To make manufacturing more attractive to younger workers, manufacturers should start by educating the general public about the industry as it stands today — not what it looked like 10, 20 or even 30 years ago. Already programs like Manufacturing Day are working to inspire the next generation of manufacturers by giving organizations an opportunity to open their doors and show, in a coordinated effort, what manufacturing is — and what it isn’t.
But it goes deeper than that. True talent development begins with a focus on STEM subjects (science, technology, engineering, and math) at both the high-school and post-secondary level. The opportunities are there – but it’s up to manufacturers to get the word out about where and how students can use their background (in technology, computing, etc.) to make an impact in the industry. Only then can manufacturers reap the benefits of a highly skilled and well-educated next generation of workers.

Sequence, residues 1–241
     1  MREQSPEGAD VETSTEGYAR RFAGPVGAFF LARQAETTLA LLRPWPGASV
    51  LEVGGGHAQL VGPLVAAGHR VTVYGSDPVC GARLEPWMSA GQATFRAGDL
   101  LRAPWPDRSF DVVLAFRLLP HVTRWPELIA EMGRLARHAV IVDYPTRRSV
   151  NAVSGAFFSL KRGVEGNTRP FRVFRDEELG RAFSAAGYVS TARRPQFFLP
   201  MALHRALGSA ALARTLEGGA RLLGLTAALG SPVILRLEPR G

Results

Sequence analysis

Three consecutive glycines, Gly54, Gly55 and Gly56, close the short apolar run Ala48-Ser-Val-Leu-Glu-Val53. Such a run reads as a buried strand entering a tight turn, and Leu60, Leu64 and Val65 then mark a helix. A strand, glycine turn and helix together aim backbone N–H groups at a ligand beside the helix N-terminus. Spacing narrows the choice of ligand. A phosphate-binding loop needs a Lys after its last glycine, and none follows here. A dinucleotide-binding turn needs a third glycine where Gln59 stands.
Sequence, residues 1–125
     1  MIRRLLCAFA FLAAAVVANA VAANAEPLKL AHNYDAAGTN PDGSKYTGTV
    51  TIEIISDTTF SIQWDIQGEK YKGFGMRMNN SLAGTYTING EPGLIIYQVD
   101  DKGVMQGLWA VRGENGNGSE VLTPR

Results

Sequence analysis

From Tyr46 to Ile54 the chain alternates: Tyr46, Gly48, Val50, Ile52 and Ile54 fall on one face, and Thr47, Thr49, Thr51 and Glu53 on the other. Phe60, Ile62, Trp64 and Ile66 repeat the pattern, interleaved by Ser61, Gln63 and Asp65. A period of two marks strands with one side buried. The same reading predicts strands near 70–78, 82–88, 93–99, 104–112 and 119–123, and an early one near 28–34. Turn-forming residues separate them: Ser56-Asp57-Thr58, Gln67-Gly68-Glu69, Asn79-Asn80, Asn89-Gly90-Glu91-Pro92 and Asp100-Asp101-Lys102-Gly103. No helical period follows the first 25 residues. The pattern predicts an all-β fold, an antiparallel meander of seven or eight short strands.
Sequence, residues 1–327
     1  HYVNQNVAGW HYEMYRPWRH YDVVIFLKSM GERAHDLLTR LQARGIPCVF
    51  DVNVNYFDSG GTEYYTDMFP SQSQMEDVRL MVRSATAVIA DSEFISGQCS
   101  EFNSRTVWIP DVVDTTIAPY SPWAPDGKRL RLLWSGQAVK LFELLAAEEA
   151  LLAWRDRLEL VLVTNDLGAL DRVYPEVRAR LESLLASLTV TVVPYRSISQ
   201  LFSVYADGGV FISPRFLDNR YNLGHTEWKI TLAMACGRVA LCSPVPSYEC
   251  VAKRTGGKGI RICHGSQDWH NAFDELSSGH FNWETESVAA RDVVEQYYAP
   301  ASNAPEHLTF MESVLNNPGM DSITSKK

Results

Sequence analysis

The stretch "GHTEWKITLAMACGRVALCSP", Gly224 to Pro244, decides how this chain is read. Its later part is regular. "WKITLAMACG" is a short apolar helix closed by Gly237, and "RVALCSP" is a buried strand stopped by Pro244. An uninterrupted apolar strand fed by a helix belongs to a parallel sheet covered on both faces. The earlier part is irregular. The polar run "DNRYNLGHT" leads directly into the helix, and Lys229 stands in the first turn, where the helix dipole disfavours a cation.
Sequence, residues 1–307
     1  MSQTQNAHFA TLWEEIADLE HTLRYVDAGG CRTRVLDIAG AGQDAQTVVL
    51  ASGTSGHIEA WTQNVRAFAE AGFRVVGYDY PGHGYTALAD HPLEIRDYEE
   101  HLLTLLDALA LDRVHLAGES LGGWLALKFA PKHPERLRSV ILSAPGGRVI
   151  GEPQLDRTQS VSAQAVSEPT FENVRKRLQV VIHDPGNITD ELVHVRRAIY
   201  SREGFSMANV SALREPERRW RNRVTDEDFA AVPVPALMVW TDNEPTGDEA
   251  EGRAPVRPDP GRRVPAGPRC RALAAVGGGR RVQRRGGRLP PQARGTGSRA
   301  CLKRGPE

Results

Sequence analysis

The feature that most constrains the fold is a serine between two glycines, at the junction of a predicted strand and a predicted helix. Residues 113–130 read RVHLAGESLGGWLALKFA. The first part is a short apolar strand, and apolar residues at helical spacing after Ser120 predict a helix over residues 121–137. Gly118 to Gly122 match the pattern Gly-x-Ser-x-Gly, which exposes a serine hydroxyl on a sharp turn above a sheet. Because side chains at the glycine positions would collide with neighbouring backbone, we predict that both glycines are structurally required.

2. Offer Internships & Training Programs
MHI research shows the supply chain industry will need to fill 1.4 million jobs (or roughly 270,000 per year) by 2018. On the one hand, this means manufacturers simply don’t have the time to spend educating the general public about the manufacturing opportunities available to the younger generation of workers. On the other, it means the time to invest in talent is now — not yesterday and not tomorrow.
While perceptions about manufacturing work may cause many Millennials to look elsewhere for employment, manufacturers can combat the problem by offering internship or apprenticeship programs to younger workers interested in learning more about the industry.
As noted in an SMC article on attracting Millennials to manufacturing, the benefits are two-fold: High-school or college students get an insider’s look at manufacturing operations and company leadership gets a real-time look at the next generation’s work ethic.
For Millennials who have already been hired into manufacturing, the same idea applies. Depending on the type of work the employee has been hired to do, companies can pair younger workers with tenured employees, offering a learning opportunity from both sides.